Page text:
The dramatic fall of Tatton’s George Osborne, the vile atmosphere in the Labour Party and the opportunity offered to UKIP by Nigel Farage’s departure; just sit back and watch the three ring circus that is British politics.


For Northern business the most significant move of the new Prime Minister was the sacking of George Osborne. He was the only North West MP in the Cabinet and had driven the Northern Powerhouse (NP). We don’t know what the new Chancellor, Philip Hammond’s policy on devolution will be. We certainly know that leaders of northern cities are worried about

hundreds of millions of investment promises and possible signs of wavering on HS2.

Osborne deserved to go along with his buddy David Cameron. The two men were responsible for the disastrous referendum and that overwhelms even the considerable achievement of turning round the economy. Nevertheless Osborne knew the North and put the whole weight of his office behind devolution and the NP. If you have the Chancellor backing a project, it happens. if its an initiative of a more junior minister the chances of success are less certain.

We now see the broad shape of the May administration. The best we can say about the two at the top is that they are efficient politicians that get on with the job. Maybe that’s what the country needs. I remain to be convinced about May’s one nation rhetoric. We cannot even guarantee colour from Boris Johnson. They frown on tripwire antics in the Foreign Office. His roller coaster ride this year truly illustrates the unpredictability of politics. From loyal Remainer to traitorous Leaver, he was alarmed at his referendum success. Michael Gove detected this and sent him into political oblivion only for May to rescue him and rightly sack Gove from the Cabinet.

On the subject of the unpredictability of politics, look at the return of Dr Fox and David Davies. Fox left office in 2011 under a cloud and seemed like yesterday’s man. So did David Davies who lost the Tory leadership battle to Call Me Dave 11 years ago. Now they are deeply involved in ministries trying to get us out of the EU.


I don’t want to say much about Labour this week. It is too upsetting to see the party of Clement Atlee, Harold Wilson and Tony Blair reduced to a complete joke. Actually it is worse. Anyone who heard the trembling voice of National Executive Committee member Janet Baxter describing the atmosphere in this week’s meeting would never get involved in politics. She seemed on the edge of a nervous breakdown. What must the staff in the Wallasey office of leadership contender Angela Eagle be doing? Waiting for the next brick through the window?

The foul language of Shadow Chancellor John McDonnell this week in his description of some of his fellow MPs gives the lie to the leadership’s protestations that they want a clean fight. The minority of violent Trots pick up the vibes just as racists on the right have used the Leave vote to intimidate Polish immigrants.


UKIP should elect Steven Woolfe as their next leader. He’s a North West MEP and the party’s spokesman on finance. He is plausible and would not indulge in the bar room antics of his now departed leader Nigel Farage.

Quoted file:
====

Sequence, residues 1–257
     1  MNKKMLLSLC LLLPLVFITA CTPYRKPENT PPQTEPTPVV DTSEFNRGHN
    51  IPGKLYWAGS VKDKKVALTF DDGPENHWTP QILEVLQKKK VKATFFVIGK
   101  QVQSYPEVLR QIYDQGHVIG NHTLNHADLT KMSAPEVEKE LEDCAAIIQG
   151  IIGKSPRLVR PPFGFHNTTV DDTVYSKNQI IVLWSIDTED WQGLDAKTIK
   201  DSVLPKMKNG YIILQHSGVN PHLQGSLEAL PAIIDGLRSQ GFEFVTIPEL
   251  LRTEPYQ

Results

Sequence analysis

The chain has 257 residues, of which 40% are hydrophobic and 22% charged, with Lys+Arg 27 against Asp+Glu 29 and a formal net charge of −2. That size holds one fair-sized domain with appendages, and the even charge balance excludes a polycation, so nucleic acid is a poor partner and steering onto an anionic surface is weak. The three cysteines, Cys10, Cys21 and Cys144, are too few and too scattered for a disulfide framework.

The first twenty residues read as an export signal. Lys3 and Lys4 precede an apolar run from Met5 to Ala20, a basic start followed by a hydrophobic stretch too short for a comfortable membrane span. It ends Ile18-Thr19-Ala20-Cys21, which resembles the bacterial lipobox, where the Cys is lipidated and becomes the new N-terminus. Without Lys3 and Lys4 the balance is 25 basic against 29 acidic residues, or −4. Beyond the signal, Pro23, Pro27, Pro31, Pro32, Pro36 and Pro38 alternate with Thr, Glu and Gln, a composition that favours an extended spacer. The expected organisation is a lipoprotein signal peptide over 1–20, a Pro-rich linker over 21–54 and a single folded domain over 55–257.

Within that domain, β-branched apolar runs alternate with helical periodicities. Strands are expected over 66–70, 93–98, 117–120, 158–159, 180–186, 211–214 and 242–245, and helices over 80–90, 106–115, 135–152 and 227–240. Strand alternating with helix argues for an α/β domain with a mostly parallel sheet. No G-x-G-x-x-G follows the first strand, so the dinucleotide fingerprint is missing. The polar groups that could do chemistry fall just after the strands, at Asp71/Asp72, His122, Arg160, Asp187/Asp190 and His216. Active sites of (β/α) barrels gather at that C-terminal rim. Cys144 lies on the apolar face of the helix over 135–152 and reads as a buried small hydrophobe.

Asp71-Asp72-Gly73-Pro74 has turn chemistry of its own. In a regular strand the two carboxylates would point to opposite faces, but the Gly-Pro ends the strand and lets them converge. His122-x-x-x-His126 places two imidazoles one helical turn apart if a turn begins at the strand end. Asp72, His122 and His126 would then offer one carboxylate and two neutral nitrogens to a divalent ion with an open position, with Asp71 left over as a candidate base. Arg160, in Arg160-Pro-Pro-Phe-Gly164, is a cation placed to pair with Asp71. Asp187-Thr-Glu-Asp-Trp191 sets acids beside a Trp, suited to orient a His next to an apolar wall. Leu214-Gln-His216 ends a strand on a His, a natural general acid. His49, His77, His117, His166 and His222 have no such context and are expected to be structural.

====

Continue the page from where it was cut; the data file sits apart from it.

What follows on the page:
If UKIP can develop policies on health, housing, and social care as well as immigration, they could become a huge threat to Labour in the North and Midlands.

Let’s hope there is a strong centre left party to face them in 2020.




Nigel Farage believes in plain speaking. Well the UKIP leader now has a rival in that department. Manuel Barroso, the outgoing European Commission President has spelt it out for David Cameron as he seeks to appease UKIP over immigration.


An arbitrary cap on immigrants from eastern Europe would fall foul of the Lisbon Treaty of 2007 and the original Rome Treaty of 1957, Barroso said. So David Cameron would need a treaty change. The Polish ambassador to the UK has said Poland would veto such a change. Therefore Cameron would fail in the negotiations and would be under enormous pressure to campaign to come out of the EU. If he refused then Boris Johnson or the ambitious Foreign Secretary Philip Hammond would be eager to replace him and back a better off out campaign. Under those circumstances it is a racing certainty the British people would vote to come out.


I have believed for a long time that it is more likely than not that a referendum would lead to us leaving the EU, so it is time for business, small, medium and large to start speaking up and spelling out the serious consequences of our withdrawal for jobs.


Pressure is building up in the Labour Party for a switch in their position. It is one of the few principled stands that I admire Ed Miliband for. However MPs are in despair at his poll ratings and some want to grasp at offering an EU referendum in a desperate effort to improve their chances of winning next May. The close shave in the Heywood and Middleton by election has only added to the pressure. There is even talk of a northern Labour MP defecting to UKIP.




The City Growth Commission this week increased the pressure on the government to give more power and money to city regions. The Chancellor is expected to make an announcement in the Autumn Statement. Greater Manchester is preparing a partial back down in its opposition to Mr Osborne’s demand for an elected mayor for the conurbation. They are set to name Lord Smith of Wigan as leader of the Combined Authority. It is far short of the directly elected accountability that the government rightly demand but it may be enough for now.


If the Chancellor hands over 90% of business rates to cities like Leeds, Manchester and Liverpool, the vision of a northern powerhouse will begin to take shape. But what about the rest of the north? I was at an event in Lancaster this week where the economy of north Lancashire and Cumbria was under discussion. Places like Lancaster, Workington and Carlisle struggle to retain their talented youngsters who are drawn to the big cities. They also suffer from the scrapping of the regional spatial strategies that used to provide a framework for economic investment. Similar issues arise in North Yorkshire and the Humber.


So as we power up our big cities, we also need to convince the government that the whole North needs support from an overarching Council of the North